Board and Batten Siding Basics
Board and batten siding is one of the most basic ways of siding. This is also called board-and-batt, and is employed by nailing the cedar boards vertically on a wall and covering the spaces in between boards with strips of wood called battens. It is also sometimes called as barn-siding because many North American barns are made with board and batten siding.
Boards that are 6-inch wide should be fixed on the horizontal blocking lines with one nail on its center. The battens are then placed covering the spaces and overlapping on two boards, and will be fastened with one nail on its center as well. Take note though that these battens will not be nailed to the boards, but on the horizontal supports, passing thru the spaces between boards. If you are using an 8-inch wide board, use 2 nails spaced at 3 inches apart.
Among the many woods available for use on such applications, cedar woods are commonly used for board and batten siding, as these are more resistant to decay. Wood siding materials require treatment to make it more resistant to moisture and from pests.
Inspection should be done at least once a year for board and batten siding so that one will be able to evaluate its condition and properly evaluate for repairs on damages. Any split or battens already showing signs of rotting should be right away replaced, and all other necessary care and maintenance fit for your situation may be done immediately.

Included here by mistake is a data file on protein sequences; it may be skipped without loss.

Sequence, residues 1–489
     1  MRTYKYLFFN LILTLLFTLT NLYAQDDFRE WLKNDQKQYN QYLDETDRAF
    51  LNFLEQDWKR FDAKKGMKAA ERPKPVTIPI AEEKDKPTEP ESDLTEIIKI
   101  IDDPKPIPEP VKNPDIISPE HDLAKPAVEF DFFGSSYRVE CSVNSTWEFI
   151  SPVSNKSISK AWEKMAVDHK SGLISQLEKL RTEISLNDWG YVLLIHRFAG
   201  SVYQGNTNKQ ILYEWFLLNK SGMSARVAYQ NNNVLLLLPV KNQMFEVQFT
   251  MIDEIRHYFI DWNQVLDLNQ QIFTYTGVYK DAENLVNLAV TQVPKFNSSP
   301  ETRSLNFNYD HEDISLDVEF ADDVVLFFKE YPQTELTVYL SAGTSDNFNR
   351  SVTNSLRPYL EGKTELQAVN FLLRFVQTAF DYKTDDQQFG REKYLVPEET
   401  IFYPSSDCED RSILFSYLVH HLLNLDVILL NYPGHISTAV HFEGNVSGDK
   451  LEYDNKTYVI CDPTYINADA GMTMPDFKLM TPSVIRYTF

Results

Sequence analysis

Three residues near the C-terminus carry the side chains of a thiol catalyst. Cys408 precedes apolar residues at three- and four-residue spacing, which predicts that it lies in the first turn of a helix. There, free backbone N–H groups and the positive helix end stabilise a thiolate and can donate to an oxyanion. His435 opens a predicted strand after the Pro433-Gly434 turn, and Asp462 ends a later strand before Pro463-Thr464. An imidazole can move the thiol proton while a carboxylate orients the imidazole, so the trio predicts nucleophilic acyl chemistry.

It is advisable to have thicker boards, as these will these provide protection for your house and will last longer. You also need to caulk the edges if there are any cracks. Always make sure that all necessary wood preparations and treatments are done with – as this would help in the durability of your siding, and making it strong for a good period of time.
Having the high quality of wood for your board and batten siding, and employing the appropriate techniques in preparation, installation, finishing & maintenance, will all do you well in the long run. It will be able to serve its purpose longer, and will give you less headaches in the future if you do so.
Never settle for substandard materials or cheap inexperienced labor, as you may very well witness a lousy job and a work that will need to be redone – and all leading to higher costs and expenses in the end. So always do it right the first time, and you’ll have a board and batten siding that will serve you well.